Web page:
The 2014 NBA draft class isn't only celebrated for its projected all-stars.
It's also one of the deepest in years.
The competition of deep classes causes some prospects to fall further than they should for a variety of reasons. Here are the most undervalued of such prospects in 2014.
PG Tyler Ennis, Syracuse
19 years old, 6’3”, 182 pounds
Freshman stats: 12.9 points, 5.5 assists and 2.1 steals per game
Once upon a time, Tyler Ennis was rated the third-best point guard in the class only behind Dante Exum and Marcus Smart. That time was during the actual basketball season, when Ennis was making plays like this:
Ennis finished the year by averaging 17.6 points over the Orange's last seven games. His heroics have since been forgotten, though.
On draft night, he may be the sixth point guard to hear his name called after Exum, Smart, Elfrid Payton, Zach LaVine and Shabazz Napier. Ennis could slide because he isn't a workout warrior—he's a gamer. His ceiling isn't as high as many of the other point guards in the draft, but he's the most pure and pro-ready of them all.
PF Jarnell Stokes, Tennessee
20 years old, 6'9", 263 pounds
Junior stats: 15.1 points, 10.6 rebounds and 0.9 blocks per game
Jarnell Stokes, the heaviest player at the combine, weighed 262.8 pounds. He also measured in at just 8.2 percent body fat. In other words, he's a tank.
But he's a tank that can fly. He recorded a 36.0-inch vertical at the combine (higher than Exum) and 3.26 three-quarter-court sprint (faster than Aaron Gordon).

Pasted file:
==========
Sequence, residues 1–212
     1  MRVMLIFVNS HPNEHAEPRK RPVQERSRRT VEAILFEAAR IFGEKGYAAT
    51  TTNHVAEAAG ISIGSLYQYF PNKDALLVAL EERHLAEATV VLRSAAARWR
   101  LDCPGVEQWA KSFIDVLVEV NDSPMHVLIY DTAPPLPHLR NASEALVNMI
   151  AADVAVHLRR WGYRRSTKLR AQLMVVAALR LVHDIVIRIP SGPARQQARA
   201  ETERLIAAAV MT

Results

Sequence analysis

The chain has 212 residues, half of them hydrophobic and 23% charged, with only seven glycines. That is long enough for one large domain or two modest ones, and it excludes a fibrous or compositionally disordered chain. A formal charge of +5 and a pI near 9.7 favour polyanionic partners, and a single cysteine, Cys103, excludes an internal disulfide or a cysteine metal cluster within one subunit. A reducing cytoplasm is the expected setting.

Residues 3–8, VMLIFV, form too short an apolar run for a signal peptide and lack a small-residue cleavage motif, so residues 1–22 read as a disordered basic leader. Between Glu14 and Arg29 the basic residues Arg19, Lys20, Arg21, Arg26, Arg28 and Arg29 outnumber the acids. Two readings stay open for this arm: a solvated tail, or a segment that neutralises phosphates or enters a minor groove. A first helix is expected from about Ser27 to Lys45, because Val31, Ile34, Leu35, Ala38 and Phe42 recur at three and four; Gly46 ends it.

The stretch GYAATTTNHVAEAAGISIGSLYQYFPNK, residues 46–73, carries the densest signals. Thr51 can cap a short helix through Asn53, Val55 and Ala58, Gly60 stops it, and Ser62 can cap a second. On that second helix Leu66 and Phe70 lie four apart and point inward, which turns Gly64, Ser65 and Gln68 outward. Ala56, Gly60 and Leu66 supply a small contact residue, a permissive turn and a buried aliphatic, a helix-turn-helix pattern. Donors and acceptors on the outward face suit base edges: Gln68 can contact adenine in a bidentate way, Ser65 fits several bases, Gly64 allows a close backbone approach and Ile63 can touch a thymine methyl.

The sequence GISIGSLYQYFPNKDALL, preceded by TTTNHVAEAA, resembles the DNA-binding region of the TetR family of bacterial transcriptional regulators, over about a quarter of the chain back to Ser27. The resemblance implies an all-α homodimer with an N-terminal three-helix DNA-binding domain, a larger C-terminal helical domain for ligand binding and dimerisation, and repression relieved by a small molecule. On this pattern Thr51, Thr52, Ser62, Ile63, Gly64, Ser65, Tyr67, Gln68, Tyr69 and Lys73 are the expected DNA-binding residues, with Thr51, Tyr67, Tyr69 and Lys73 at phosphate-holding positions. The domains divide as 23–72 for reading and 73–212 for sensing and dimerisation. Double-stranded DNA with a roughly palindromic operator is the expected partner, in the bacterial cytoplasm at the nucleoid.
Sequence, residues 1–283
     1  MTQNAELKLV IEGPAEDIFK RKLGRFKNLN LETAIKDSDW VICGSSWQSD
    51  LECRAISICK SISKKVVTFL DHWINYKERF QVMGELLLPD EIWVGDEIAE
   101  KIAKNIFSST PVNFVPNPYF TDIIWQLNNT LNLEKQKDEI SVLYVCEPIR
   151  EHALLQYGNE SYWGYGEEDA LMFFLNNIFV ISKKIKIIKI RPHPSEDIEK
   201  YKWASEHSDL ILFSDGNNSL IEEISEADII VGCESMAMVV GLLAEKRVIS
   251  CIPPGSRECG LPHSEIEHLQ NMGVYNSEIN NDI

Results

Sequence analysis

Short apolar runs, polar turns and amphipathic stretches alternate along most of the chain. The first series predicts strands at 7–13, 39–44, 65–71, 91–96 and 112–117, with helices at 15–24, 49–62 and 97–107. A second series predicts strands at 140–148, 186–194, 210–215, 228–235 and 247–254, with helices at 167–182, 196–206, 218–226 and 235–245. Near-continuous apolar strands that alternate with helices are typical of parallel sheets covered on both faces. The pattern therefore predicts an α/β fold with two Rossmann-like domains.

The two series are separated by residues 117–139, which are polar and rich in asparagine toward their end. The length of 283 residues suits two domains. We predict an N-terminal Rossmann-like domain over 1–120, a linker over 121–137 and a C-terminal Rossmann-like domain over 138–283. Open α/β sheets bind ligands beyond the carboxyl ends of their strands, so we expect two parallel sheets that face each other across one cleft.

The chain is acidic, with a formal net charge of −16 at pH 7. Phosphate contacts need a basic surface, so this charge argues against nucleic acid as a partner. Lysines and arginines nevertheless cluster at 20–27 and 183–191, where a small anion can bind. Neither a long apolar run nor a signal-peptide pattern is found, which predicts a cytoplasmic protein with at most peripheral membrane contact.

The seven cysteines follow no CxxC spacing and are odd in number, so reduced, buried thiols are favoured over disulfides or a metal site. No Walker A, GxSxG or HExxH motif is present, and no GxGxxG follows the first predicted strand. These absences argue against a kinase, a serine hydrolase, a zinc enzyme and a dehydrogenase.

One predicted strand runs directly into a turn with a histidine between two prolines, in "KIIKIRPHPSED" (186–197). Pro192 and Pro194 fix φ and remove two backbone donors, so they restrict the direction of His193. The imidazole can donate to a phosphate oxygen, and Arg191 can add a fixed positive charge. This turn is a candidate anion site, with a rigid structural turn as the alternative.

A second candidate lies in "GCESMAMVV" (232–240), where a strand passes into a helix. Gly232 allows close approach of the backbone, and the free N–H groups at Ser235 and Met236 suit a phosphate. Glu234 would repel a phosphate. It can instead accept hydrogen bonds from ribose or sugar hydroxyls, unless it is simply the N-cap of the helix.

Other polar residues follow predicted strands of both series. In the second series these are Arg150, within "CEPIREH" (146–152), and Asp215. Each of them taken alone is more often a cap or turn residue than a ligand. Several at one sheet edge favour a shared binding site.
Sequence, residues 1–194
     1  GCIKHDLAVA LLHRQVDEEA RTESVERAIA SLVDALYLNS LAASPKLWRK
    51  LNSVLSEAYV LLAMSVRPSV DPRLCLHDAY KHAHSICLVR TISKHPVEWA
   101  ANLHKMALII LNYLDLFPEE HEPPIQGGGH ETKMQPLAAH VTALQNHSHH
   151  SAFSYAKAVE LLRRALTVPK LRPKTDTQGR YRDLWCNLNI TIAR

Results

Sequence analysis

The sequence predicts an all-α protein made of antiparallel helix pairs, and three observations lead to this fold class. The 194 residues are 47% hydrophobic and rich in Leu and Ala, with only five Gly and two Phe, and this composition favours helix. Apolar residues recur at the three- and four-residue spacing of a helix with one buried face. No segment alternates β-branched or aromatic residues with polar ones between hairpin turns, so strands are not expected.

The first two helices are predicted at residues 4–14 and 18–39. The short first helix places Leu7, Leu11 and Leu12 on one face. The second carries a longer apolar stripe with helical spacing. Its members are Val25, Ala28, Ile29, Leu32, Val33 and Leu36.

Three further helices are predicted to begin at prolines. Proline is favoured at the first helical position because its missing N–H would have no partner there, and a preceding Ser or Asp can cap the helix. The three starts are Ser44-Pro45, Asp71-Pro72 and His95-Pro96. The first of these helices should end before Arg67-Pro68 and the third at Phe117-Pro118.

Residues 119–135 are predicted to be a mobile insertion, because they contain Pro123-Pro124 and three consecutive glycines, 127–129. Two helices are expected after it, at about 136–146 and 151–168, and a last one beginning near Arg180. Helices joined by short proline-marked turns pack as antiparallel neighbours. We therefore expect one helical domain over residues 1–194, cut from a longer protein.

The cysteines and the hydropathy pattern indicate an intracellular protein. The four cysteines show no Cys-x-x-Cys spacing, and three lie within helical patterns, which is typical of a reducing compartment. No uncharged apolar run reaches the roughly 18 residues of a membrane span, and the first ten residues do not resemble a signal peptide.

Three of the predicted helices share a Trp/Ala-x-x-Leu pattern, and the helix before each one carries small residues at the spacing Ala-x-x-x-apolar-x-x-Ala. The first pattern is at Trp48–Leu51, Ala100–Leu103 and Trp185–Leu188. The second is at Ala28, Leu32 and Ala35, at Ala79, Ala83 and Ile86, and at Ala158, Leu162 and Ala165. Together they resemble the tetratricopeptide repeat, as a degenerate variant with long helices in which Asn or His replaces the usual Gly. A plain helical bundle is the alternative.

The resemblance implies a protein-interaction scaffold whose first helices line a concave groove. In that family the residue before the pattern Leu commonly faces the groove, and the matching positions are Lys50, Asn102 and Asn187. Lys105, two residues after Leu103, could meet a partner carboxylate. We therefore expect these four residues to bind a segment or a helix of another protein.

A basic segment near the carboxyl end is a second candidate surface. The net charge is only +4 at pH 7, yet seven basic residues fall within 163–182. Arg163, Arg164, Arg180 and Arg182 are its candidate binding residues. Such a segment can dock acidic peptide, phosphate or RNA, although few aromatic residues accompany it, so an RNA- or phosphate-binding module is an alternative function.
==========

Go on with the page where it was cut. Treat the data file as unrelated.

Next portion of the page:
Stokes' height will keep him from getting drafted high. He may even last into the second round. But he has the physical gifts and on-court resume to do damage on the glass as a super sub.
SG C.J. Wilcox, Washington
23 years old, 6'5", 201 pounds
Senior stats: 18.3 points, 3.7 rebounds and 1.0 steals per game
This is what ESPN's Chad Ford (subscription needed) had to say about C.J. Wilcox after the combine:
[Wilcox] was one of the best shooters at the NBA draft combine and showed why again in both drills and in the 3-on-3 games. He has a quick release, deep range and you can't leave him open. He also was the only one on the floor who could (sort of) slow down Elfrid Payton. Wilcox moves well without the ball, is a very good athlete and just plays smart basketball.
Despite this high praise, Wilcox is slipping out of the first round in a lot of mocks. His age could have something to do with it. But considering that teams can't have too many shooters, and there are few pure shooters in the draft as gifted athletically and defensively as Wilcox, his stock could be significantly higher.
Wilcox nailed 2.8 threes a game at a rate of 39.1 percent his senior year.
David Daniels is a columnist at Bleacher Report. He tweets, too.